The analogy of salt is the most interesting in this context, too. Salt had two purposes in the time of the disciples, and to this day: to season and to preserve. It was also highly valued, and Roman soldiers were paid in salt (which is where we get the word “salary,” by the way). The Gospel explicitly mentions taste and warns that a Church that loses its flavor and its value is worthless. This would become a particular problem in Corinth, as I have written before, where the early Christian community had trouble keeping its “flavor,” thanks to the social pressures to conform to the hedonistic norm. Paul’s first letter to the Corinthians is in essence the same warning Jesus gives the disciples, which relates to the failure of Jerusalem and Israel in their mission. They became too enamored of fitting into the practices of the world instead of serving as an example of God’s law. Jerusalem would soon be trampled underfoot in 70 AD, and although no one knew that at the time of 1 Corinthians, Paul warns that the same would happen to Christian communities if the distinctiveness of living God’s law and the example that set was lost. Without that flavor, the preservation of the Church would be impossible, and salvation for the nations of the world lost as the light faltered and the city on the mountain fell.

This is why all three passages emphasize action, and not just proclamation. Action creates examples, and living a faith acts to preserve it much more effectively than just talking about it. The church in Corinth fell into that error, and Paul had to rescue it from its own lack of flavor and value. We are called to live our faith in the world so that the light of God’s love through Jesus can be seen by all, rather than fit our faith into our worldly concerns or merely discuss it. That is our pilgrimage, and we make it every day.

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Ed,do you use Homiletics and Pastoral Review?

celtic warrior on February 9, 2014 at 12:04 PM

Ed,do you use Homiletics and Pastoral Review?

celtic warrior on February 9, 2014 at 12:04 PM

No, not even aware of it until your comment. Basically, I just pray for guidance first and then try to draw out the lessons I see in the readings.

I’m going to check it out, though. Looks interesting.

http://www.hprweb.com/

Ed Morrissey on February 9, 2014 at 12:10 PM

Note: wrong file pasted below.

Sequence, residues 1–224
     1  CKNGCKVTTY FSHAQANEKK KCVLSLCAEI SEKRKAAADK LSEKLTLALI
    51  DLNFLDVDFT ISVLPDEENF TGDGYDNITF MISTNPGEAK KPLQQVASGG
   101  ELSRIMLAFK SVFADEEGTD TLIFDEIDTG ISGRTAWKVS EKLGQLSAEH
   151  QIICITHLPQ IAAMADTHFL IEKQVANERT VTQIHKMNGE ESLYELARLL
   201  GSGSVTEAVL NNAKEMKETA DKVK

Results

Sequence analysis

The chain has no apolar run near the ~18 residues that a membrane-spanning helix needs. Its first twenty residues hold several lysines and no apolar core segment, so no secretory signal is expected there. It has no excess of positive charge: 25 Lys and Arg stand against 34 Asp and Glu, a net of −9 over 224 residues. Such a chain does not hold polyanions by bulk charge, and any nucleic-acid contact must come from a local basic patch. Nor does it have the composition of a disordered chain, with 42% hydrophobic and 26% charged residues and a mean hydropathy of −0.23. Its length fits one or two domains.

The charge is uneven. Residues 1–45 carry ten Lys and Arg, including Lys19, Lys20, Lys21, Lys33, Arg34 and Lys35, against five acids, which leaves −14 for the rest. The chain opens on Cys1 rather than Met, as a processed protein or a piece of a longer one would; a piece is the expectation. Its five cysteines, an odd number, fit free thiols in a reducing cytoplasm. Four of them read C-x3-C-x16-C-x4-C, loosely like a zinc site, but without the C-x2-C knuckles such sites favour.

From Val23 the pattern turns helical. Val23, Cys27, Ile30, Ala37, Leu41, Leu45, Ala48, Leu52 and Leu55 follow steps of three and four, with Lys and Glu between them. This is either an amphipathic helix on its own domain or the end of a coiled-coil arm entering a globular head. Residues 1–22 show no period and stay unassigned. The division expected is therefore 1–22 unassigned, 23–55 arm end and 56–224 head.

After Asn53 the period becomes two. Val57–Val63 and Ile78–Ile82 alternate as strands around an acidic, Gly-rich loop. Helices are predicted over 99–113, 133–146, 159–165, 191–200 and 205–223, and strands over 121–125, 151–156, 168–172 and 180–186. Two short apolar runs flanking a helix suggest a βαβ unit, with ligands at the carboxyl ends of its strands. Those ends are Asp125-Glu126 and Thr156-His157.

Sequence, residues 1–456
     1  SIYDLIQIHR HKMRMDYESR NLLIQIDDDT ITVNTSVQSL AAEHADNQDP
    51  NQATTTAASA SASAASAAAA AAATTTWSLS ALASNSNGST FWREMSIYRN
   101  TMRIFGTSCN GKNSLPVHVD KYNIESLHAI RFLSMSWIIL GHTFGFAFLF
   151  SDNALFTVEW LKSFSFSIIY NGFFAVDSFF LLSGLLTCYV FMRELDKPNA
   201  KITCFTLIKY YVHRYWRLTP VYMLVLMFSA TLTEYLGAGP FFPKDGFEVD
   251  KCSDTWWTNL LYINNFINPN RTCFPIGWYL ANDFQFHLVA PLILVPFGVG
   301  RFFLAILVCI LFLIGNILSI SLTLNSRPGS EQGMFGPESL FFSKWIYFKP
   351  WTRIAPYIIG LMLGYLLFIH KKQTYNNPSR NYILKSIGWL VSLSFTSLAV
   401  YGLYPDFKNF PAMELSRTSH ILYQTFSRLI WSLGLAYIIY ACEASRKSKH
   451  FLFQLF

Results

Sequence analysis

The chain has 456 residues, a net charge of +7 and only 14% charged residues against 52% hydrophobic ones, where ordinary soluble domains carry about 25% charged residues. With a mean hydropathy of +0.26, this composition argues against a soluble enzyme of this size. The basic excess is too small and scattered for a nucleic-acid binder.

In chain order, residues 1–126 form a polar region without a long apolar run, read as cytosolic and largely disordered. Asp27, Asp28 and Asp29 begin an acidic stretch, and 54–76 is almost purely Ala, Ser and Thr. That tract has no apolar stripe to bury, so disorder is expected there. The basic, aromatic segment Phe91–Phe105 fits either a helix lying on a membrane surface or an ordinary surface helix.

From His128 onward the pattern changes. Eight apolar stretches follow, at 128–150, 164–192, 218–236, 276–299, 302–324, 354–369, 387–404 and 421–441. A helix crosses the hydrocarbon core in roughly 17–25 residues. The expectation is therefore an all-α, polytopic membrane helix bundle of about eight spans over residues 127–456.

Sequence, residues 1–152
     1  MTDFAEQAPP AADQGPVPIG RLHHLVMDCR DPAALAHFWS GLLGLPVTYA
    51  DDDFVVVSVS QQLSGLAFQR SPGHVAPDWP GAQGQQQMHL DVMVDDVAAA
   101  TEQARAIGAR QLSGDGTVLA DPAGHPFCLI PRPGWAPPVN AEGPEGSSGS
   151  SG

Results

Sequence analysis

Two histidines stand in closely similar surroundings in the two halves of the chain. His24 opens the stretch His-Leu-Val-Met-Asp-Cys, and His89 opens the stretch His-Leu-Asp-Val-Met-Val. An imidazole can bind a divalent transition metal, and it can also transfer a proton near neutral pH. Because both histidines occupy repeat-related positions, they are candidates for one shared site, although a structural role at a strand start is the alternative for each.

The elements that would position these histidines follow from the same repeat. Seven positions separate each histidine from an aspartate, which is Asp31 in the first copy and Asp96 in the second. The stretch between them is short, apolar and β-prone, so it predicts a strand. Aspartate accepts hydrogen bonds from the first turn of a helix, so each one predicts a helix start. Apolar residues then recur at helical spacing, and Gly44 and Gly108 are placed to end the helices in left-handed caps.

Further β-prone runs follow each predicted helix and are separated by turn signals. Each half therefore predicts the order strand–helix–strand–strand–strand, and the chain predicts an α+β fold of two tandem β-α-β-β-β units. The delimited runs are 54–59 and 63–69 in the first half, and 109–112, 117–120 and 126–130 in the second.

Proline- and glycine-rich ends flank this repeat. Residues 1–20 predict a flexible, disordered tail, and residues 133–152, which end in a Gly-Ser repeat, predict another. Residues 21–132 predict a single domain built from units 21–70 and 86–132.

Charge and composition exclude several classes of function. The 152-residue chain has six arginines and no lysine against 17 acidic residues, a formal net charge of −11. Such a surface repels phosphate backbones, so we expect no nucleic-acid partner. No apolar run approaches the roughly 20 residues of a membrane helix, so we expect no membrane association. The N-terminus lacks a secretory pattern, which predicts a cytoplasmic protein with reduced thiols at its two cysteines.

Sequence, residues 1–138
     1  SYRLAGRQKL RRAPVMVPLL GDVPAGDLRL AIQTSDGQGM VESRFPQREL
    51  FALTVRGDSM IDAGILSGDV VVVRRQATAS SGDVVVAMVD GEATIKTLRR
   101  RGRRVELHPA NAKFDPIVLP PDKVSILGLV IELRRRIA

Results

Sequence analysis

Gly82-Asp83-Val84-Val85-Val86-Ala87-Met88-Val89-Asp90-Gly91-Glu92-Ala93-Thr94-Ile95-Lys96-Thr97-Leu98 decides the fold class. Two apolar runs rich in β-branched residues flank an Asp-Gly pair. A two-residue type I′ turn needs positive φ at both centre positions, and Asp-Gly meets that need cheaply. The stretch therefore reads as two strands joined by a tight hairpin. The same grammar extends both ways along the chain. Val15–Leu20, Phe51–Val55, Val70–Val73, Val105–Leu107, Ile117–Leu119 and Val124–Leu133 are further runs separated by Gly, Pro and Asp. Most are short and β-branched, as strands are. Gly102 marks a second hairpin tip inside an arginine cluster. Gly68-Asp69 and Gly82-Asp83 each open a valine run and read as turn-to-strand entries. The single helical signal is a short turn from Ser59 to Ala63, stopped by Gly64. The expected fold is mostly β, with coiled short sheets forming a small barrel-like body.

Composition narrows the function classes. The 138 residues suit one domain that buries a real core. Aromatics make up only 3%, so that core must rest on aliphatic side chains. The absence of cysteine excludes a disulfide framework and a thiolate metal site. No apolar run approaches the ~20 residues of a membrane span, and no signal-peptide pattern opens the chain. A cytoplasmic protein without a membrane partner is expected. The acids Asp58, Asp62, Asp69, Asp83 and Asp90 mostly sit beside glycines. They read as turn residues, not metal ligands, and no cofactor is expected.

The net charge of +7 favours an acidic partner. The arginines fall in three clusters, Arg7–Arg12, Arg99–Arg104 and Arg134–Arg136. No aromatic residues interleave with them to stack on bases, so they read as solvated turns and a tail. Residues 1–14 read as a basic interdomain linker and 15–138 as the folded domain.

Thanks Ed. Very thoughtful.
Great addition to the Green Room.

Zorro on February 9, 2014 at 12:13 PM

God chose the simpleton, Peter, to base the church. Saul was 10 times his intellectual superior, and Thomas was closest spiritually. Yet Peter was chosen because mankind has to take baby steps.

John the Libertarian on February 9, 2014 at 12:20 PM

It was also highly valued, and Roman soldiers were paid in salt (which is where we get the word “salary,” by the way).

Interesting. Didn’t know that.

DarkCurrent on February 9, 2014 at 12:58 PM

…thanks Ed!…I like this ‘reflection’ on Sunday’s…just like to lurk and learn… different perspectives !

KOOLAID2 on February 9, 2014 at 1:03 PM

i like these reflections and really appreciate you doing them!

Paul suggests the same in today’s reading from 1 Corinthians 2:1-5. “I did not come with sublimity of words or of wisdom,” Paul wrote to the church in Corinth. “My message and my proclamation were not with persuasive words of wisdom, but with a demonstration of Spirit and power…” Paul certainly taught with words, too, especially in the letters we have today that continue his teachings. But teaching alone wasn’t enough; Jesus tells his disciples had to set an example, to live their faith rather than just teach it, in order to fulfill their mission and that of the Church.

this is so important. being excellent at debating is a good thing but it’s not the very best thing a Christian can do to spread the light to others. the best thing is to be an example of Jesus’ love- imitating Him. that’s the most important thing to do. debating skills come second. i forget that sometimes.

the early Christian community had trouble keeping its “flavor,” thanks to the social pressures to conform to the hedonistic norm.

still happening now, sadly. there are too many “Christians” who don’t seem to actually care about the Bible.

Sachiko on February 9, 2014 at 1:53 PM

Thanks Ed…

OmahaConservative on February 9, 2014 at 2:13 PM

Ed…

I am a Catechuman in the RCIA program at my local Parish. I will be baptized during the Vigil this Easter at age 60. Better late than never!

I really enjoy your Sunday Reflections each week. You completely analyze the readings and I find your comments extremely helpful in our dismissal class after the Liturgy of the Word.

I truly hope you keep this up as I look forward to your thoughts each Sunday.

Yours in Christ,
Michael

Michael Harlin on February 9, 2014 at 4:05 PM

Michael Harlin on February 9, 2014 at 4:05 PM

Thank you! Great to hear of your journey in RCIA, and keep us up to date on your progress. I’ll add you to my prayer intentions.

Ed Morrissey on February 9, 2014 at 4:16 PM

Jesus told us to go…not to sit in the pews or entertain ourselves but go…the fields are bountiful and the workers are few. It would seem like the current crop of politicians have once again given us a lot in the fields to work with.